6 Center for Advanced Analytics, Vizient, Chicago, IL.

7 Division of Nephrology, Department of Medicine, Northwestern University Feinberg School of Medicine, Chicago, IL.

Received 4 September 2017. Revision received 10 January 2018.

Accepted 17 January 2018.

This work was supported by an investigator-initiated grant from Novartis (J.L., CRAD001HUS188T). This work was also supported by the National Institutes of Health (L.V., 1 F32 HL116151-01), the American Liver Foundation (L.V., New York, NY), and an Alpha Omega Alpha Postgraduate Award (L.V.). L.V. is currently supported by the National Institutes of Health's National Center for Advancing Translational Sciences, grant number KL2TR001424. The Northwestern Medicine Enterprise Data Warehouse (NMEDW) is funded, in part, by the National Center for Advancing Translational Sciences (NCATS) of the NIH research grant UL1TR001422 to the Northwestern University Clinical and Translational Sciences (NUCATS) Institute. The data reported here have been supplied by the United Network for Organ Sharing as the contractor for the Organ Procurement and Transplantation Network (OPTN) and by Vizient (formally University HealthSystem Consortium (UHC)). The interpretation of this data and the views expressed in this manuscript are those of the authors and do not necessarily represent the views of Novartis, Vizient, the National Institutes of Health, or the U.S. Department of Health and Human Services.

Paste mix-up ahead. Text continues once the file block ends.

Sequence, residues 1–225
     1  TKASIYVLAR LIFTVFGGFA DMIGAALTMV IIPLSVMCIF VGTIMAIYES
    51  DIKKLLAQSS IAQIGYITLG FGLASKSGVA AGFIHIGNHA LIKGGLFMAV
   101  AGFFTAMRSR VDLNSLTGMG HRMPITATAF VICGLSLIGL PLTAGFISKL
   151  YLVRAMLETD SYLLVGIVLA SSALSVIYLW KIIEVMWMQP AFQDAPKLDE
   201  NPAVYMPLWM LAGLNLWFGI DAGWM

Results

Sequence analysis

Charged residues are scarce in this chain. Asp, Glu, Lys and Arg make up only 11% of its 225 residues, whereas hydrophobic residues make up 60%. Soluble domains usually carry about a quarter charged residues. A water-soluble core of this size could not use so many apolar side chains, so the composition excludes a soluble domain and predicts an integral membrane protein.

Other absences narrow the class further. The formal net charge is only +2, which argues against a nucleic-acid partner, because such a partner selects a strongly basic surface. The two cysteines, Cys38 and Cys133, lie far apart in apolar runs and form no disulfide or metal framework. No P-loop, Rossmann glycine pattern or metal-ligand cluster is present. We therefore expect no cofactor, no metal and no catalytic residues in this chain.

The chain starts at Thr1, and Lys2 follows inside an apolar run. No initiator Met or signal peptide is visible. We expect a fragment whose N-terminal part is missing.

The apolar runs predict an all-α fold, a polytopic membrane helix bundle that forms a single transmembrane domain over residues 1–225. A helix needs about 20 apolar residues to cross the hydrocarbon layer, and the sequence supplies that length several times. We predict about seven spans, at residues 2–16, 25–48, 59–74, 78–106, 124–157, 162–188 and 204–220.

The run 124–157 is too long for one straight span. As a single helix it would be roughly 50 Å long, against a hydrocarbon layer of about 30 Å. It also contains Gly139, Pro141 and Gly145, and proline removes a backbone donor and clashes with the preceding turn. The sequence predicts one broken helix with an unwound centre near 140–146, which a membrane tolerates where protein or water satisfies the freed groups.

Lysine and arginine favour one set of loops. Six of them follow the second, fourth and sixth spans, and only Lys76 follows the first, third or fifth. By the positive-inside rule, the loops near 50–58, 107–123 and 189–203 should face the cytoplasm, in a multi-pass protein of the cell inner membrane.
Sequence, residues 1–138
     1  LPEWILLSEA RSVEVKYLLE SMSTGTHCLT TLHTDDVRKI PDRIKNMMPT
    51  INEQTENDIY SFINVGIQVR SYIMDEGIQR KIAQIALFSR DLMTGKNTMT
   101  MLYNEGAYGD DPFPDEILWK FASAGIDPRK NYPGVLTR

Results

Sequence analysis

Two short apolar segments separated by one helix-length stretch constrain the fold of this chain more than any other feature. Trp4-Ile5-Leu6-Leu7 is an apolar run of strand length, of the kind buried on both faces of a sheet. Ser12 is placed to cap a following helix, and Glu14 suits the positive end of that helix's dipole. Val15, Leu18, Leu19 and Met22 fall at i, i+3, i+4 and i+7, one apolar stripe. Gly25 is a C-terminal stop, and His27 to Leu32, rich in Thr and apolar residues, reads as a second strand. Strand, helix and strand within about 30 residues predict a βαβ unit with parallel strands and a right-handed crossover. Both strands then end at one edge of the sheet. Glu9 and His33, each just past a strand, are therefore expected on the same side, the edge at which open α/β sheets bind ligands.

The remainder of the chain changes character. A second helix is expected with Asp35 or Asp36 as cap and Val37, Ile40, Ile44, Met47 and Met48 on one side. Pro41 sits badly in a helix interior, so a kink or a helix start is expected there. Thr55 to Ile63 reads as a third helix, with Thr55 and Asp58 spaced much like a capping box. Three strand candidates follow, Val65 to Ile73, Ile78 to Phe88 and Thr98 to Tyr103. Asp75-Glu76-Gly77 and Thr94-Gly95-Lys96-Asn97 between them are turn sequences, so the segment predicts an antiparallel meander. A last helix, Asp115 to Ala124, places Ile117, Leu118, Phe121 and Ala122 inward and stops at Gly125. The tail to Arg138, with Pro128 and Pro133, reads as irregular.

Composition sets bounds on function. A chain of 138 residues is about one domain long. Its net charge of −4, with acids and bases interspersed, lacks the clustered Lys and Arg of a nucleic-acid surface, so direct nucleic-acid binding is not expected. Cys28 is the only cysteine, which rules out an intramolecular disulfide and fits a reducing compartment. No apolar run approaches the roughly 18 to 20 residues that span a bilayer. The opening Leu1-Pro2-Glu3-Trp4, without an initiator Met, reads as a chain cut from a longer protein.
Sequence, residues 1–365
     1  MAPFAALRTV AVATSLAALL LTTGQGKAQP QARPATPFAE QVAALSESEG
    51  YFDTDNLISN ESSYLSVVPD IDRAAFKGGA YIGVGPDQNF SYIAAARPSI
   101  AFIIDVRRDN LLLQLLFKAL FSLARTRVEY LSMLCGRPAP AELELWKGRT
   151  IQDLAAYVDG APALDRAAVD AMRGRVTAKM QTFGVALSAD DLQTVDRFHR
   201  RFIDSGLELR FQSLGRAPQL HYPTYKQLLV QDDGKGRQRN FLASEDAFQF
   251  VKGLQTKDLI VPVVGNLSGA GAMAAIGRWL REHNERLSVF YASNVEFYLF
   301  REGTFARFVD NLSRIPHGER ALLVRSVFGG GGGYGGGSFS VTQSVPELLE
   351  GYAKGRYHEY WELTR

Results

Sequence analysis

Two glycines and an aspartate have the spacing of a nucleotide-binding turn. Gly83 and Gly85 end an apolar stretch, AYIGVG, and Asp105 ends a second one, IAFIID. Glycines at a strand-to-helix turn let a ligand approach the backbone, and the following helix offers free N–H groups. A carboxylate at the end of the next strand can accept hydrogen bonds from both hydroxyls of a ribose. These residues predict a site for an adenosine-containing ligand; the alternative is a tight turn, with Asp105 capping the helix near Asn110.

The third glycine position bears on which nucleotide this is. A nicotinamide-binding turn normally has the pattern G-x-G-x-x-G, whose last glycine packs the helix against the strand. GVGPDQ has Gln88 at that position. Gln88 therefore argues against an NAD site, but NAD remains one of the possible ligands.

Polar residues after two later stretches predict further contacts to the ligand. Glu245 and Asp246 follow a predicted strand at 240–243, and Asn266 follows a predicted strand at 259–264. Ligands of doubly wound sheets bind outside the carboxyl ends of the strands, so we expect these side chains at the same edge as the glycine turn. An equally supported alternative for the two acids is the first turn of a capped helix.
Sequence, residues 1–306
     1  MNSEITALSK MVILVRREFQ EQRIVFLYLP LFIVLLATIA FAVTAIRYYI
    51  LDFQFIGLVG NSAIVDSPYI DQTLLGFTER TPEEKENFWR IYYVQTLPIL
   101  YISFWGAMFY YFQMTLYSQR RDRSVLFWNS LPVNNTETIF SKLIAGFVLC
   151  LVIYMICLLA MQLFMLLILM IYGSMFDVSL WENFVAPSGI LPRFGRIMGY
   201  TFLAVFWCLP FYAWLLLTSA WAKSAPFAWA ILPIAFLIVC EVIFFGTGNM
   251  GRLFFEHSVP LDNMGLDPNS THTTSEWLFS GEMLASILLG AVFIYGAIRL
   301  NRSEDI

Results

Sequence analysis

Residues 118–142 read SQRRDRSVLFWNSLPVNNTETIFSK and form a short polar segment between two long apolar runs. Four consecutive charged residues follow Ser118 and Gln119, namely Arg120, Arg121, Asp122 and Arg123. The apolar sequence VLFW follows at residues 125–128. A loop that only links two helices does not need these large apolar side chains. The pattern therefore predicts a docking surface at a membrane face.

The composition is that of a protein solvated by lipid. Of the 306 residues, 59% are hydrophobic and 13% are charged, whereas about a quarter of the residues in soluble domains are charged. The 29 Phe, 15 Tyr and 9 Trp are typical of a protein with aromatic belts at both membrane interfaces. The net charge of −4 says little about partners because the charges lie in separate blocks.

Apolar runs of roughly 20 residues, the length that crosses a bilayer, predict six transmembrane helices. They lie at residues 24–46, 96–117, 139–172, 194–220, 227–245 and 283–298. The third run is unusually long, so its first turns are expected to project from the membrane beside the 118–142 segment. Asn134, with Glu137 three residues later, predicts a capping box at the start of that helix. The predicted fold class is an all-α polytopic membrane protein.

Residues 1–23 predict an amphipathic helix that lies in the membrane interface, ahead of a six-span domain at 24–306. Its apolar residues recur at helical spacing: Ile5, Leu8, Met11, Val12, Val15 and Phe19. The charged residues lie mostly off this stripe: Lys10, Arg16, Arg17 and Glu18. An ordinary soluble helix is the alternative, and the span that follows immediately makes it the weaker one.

The authors of this manuscript have conflicts of interest to disclose as described by Transplantation. This work was supported by Novartis (CRAD001HUS188T). J.L. is a speaker and advisor for Novartis. L.V. is a speaker for Salix outside the current work.

L.B.VW. participated in research design, data acquisition, obtaining funding, interpretation of results and article drafting. S.M. participated in data analysis and article editing L.Z. participated in research design, data analysis and article editing. N.B.A. participated in research design, interpretation of results and article editing D.M.L.-J. participated in research design, obtaining funding, interpretation of results and article editing A.D. participated in data acquisition, interpretation of results, and article editing. A.I.S. participated in data acquisition, interpretation of results, and article editing. S.H. participated in data acquisition, interpretation of results, and article editing. J.J.F. participated in interpretation of results and article editing. J.L. participated in research design, obtaining funding, interpretation of results and article editing.

Correspondence: Josh Levitsky, MD, MSc, Northwestern University Feinberg School of Medicine, Suite 1900, 676, N. St Clair St, Chicago, IL 60611. (j-levitsky@northwestern.edu).

Supplemental digital content (SDC) is available for this article. Direct URL citations appear in the printed text, and links to the digital files are provided in the HTML text of this article on the journal’s Web site (www.transplantjournal.com).